The Inishowen peninsula abounds in place-names, all steeped in history and legend, and all reflecting the flora and fauna of Donegal’s most beautiful province. These names celebrate both the macrocosm and microcosm of the landscape enshrined in every hillock, field, sea-cave and stream.
Since the 19th century – indeed since the first Inishowen map-makers of 1609 dipped their quills into ink – people have attempted a complete compendium of Inishowen place-names and their Gaelic origins. This book doesn’t claim to be the most forensic study to date but it is the first to cover the entire peninsula –from Urris to Templemore. Few are aware that four fifths of the parish of Templemore – now in Co. Derry – were once part of Inishowen and occupied a strategic location in the southern neck where the Gaelic O’Doherty chieftains built their most important castles and strongholds.
Seoirse Ó Dochartaigh is a lover of Gaelic culture and the Irish language which he has studied with dedication for over 4 decades. For several years now, he has been studying old maps and talking to many natives of the peninsula about the true origins and meanings of names of Inishowen townlands, mountains, rivers and hamlets. Though the work of collecting can never be truly finished until every stick, stone and nuance has been recorded and published, Ó Dochartaigh provided us with a rich harvest of colourful names, many of them published here for the first time. The author has, in effect, reversed the Anglicisation process that began in the 17th century and has even translated some English names back into indigenous Irish versions based on local ways of saying things and local ways of describing the landscape.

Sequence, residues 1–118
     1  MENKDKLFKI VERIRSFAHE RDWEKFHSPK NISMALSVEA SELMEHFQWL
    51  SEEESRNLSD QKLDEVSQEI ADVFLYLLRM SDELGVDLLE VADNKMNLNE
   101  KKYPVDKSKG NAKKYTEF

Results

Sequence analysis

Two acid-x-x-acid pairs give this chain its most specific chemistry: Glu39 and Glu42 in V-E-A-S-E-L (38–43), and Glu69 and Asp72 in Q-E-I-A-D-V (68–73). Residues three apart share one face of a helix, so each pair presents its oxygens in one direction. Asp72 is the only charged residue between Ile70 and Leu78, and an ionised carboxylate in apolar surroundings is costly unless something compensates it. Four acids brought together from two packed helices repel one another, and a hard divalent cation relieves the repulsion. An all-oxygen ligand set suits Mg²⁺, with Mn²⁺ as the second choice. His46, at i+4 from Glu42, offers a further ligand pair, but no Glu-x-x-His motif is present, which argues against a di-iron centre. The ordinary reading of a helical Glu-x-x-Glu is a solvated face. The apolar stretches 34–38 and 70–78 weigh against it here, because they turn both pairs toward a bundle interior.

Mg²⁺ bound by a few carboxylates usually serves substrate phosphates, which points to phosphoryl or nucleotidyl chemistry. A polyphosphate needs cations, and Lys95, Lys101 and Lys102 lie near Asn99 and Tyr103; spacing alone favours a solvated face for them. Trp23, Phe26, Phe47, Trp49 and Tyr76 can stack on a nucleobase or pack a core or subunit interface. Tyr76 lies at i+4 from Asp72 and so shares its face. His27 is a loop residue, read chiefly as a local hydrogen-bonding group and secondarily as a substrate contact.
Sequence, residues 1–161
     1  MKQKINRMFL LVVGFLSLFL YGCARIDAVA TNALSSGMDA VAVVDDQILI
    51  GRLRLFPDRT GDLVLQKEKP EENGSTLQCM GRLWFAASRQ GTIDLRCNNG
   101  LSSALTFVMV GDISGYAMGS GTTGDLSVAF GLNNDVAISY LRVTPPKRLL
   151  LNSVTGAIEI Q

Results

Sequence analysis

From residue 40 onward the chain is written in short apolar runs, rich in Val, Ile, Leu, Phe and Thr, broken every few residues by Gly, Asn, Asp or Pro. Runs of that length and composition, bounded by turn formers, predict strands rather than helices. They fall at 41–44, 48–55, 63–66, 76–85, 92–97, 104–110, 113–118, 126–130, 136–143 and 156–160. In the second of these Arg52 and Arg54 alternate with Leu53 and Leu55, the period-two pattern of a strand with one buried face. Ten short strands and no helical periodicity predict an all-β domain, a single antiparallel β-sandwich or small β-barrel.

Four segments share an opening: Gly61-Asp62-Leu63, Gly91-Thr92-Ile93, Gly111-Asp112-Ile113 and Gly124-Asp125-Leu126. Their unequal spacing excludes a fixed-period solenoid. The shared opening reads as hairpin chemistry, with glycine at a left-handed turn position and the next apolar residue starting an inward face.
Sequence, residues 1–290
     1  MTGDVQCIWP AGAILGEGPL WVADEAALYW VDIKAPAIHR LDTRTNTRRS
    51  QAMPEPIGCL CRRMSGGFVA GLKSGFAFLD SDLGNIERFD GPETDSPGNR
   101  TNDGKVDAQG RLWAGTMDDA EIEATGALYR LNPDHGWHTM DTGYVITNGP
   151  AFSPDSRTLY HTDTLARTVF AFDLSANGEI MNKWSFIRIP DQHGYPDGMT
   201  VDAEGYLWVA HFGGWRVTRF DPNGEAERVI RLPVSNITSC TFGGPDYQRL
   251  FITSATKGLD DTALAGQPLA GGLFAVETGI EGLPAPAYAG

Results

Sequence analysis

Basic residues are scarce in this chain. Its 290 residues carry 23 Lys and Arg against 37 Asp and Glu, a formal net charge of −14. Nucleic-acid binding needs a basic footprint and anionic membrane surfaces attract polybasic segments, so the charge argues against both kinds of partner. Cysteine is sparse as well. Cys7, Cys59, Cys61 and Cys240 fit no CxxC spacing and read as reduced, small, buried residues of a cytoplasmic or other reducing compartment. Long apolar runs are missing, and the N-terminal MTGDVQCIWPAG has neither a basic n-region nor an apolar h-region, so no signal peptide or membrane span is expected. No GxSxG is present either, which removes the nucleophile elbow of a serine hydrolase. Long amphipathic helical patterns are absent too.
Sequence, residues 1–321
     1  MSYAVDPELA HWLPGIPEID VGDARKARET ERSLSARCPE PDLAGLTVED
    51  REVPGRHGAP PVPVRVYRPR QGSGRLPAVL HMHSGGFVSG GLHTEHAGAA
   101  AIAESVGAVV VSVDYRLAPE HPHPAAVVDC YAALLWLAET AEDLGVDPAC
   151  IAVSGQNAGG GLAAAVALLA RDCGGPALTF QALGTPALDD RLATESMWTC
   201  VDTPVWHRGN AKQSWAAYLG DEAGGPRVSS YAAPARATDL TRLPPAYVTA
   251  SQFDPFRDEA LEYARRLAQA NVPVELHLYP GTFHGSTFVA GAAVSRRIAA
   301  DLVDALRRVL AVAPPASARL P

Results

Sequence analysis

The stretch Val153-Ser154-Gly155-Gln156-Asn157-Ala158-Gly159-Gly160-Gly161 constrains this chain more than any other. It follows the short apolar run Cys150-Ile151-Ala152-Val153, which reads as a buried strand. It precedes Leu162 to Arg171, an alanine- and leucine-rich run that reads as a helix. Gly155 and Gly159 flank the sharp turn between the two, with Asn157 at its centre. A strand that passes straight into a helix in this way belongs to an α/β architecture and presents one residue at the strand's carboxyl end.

There is a plethora of maps here too– some very rare indeed – and historical sources used throughout the book indicate that many Inishowen place-names are more than 2000 years old – some even going back to the centuries BC and still in use today.
Seoirse Ó Dochartaigh’s book should not only stimulate local interest but should also tantalize the imagination of readers at home and abroad. This is a topographical odyssey.